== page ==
Mullah Hassan-i Kashan Shrine and square Kufic

is remarkable for a domed stalactite ceiling

It is the 12th April 1934 and Byron’s just paid a visit to the tomb tower of Chelabi Oghlu. After that, he reports his visit to the Shrine of Mullah Hassan-i Kashan. What Byron writes about it is only that the most interesting feature of this monument is the ceiling of the dome, made of colored muqarnas (stalactite) in red and white: “[it] is remarkable for a domed stalactite ceiling painted red and white.”

IMG08824.jpg
General view. Photo by Robert Byron (archnet).

It is weird that Byron talks about the painted ceiling as the most remarkable feature of the monument, considering that he did not take even one single photo of the interior of the monument. Even weirder is the fact that he does not mention at all the square Kufic inscriptions that decorate the building almost everywhere.

 

Not much information can be found on the Shrine of Mullah Hassan-i Kashan. Some detailed info can be found in a UNESCO report, in which the Dome of Sultaniyya is nominated as World Heritage Site. There, also nearby monuments are described briefly, one of these being this shrine.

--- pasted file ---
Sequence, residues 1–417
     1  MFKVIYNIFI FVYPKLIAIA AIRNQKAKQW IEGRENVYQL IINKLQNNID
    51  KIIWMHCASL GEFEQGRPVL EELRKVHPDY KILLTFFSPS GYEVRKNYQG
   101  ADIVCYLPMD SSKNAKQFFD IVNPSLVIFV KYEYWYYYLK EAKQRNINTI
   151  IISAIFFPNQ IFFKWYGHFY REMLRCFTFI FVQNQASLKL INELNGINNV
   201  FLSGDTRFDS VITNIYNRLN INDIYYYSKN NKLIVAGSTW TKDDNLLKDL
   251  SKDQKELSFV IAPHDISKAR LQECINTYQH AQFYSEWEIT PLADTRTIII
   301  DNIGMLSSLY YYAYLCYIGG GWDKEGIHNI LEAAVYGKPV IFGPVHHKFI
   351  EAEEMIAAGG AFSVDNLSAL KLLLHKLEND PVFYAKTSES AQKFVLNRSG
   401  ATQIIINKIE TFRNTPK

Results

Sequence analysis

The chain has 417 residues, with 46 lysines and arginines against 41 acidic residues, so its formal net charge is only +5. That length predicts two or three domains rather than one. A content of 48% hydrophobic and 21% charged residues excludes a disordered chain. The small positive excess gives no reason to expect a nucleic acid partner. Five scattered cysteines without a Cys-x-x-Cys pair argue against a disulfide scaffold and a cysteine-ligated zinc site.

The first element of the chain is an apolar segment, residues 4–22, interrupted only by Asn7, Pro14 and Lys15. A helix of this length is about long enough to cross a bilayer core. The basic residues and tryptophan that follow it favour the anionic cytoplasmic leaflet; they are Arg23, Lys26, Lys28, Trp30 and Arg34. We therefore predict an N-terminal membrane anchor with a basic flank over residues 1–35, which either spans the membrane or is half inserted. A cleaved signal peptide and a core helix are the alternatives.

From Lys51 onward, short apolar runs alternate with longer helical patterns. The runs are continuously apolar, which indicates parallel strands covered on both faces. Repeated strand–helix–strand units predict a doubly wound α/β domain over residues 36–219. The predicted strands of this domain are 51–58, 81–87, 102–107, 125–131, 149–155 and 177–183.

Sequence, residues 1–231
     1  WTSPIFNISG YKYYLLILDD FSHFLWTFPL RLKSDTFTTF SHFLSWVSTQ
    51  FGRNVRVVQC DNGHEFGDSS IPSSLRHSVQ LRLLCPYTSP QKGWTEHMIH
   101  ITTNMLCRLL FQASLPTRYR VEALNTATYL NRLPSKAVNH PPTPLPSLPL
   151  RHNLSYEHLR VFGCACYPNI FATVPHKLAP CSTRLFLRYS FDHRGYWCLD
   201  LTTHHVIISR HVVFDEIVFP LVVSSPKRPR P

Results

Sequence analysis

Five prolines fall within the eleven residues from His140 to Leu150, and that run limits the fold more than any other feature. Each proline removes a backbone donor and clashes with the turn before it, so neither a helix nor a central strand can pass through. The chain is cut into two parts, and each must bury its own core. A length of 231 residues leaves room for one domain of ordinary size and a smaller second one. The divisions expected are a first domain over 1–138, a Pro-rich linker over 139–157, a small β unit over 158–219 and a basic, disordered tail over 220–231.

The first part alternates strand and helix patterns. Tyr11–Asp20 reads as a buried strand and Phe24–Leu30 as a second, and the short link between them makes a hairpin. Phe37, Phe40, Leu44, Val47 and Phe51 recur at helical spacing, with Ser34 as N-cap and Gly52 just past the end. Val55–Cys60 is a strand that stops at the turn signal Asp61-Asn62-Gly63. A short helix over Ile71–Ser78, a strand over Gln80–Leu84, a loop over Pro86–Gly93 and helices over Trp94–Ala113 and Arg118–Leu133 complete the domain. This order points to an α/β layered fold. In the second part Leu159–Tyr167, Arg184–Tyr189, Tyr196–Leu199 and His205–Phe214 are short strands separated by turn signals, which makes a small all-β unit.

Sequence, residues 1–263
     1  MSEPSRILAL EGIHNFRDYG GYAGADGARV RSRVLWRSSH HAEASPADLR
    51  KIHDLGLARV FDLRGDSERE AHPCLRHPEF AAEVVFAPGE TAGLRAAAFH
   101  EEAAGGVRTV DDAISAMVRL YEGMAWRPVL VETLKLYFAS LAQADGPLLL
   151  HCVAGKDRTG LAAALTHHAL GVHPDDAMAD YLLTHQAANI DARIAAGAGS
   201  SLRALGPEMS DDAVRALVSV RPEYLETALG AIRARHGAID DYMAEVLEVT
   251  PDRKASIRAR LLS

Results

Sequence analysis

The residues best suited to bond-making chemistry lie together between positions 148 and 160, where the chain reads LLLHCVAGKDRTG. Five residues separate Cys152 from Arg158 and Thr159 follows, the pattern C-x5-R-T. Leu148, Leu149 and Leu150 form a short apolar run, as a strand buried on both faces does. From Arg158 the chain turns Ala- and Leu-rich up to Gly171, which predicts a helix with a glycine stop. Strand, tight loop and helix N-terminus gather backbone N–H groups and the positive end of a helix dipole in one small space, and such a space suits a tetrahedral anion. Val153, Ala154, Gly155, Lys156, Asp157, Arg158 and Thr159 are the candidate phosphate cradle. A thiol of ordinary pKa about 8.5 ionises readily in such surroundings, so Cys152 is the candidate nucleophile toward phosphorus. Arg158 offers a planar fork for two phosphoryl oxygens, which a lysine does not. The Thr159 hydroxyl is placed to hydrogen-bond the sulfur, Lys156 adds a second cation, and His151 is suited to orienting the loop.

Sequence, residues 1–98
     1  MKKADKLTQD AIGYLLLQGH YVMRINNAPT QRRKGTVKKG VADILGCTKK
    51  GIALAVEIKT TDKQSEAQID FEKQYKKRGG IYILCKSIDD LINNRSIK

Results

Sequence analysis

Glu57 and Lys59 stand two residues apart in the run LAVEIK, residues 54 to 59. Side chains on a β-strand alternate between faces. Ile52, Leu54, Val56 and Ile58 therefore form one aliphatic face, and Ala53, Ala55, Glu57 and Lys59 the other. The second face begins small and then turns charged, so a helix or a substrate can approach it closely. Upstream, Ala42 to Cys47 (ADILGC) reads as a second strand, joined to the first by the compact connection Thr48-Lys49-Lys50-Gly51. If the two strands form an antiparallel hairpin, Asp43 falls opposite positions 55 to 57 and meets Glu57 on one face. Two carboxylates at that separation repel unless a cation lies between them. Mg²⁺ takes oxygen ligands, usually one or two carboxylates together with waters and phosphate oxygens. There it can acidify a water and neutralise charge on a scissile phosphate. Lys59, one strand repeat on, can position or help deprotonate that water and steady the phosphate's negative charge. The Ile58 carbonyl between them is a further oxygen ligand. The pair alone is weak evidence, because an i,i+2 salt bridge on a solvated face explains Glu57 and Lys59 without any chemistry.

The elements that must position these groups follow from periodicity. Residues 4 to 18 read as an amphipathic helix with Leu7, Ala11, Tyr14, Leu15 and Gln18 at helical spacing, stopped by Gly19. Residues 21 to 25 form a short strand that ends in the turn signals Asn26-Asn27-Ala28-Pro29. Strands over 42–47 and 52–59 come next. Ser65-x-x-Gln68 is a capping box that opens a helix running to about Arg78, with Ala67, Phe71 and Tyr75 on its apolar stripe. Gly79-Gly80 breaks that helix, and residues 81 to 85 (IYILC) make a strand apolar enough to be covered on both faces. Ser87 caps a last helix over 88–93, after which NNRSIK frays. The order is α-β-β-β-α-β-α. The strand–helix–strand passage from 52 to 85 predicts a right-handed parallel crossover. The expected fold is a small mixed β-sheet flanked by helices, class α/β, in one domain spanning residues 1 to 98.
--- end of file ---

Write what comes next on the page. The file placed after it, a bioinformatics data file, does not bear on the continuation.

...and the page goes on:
IMG08823.jpg
Detail of the squareKufic decoration on the zone of transition. Photo by Robert Byron (archnet).

We learn then that the Shrine was built for the Mullah Hassan-i Kashan, poet and religious figure connected to the court of Uljaytu. From the outside, the monument appears to be octagonal, but in fact, the internal chamber has a square plan: the square hall has additional galleries at the corners, giving the aspect of an octagon to the monument if seen from the outside. The interior decoration in stucco that Byron mentions, does not belong to the original construction but was a later addition, done during the Qajar period, in the early 19th century.

 

 

IMG28431.jpg
Decoration detail. Photo by Marie-Thérèse Ullens de Schooten (archnet).

What is more remarkable are the square Kufic inscriptions that decorate the drum of the dome, the arches and the recesses that are on the walls of the monument. But Byron was not impressed by them, apparently.

 

Sources

Nomination file 1188, UNESCO World Heritage Center, p. 23. [available online (last accessed: 28th March 2018)]

For additional photos, go to archnet.org.

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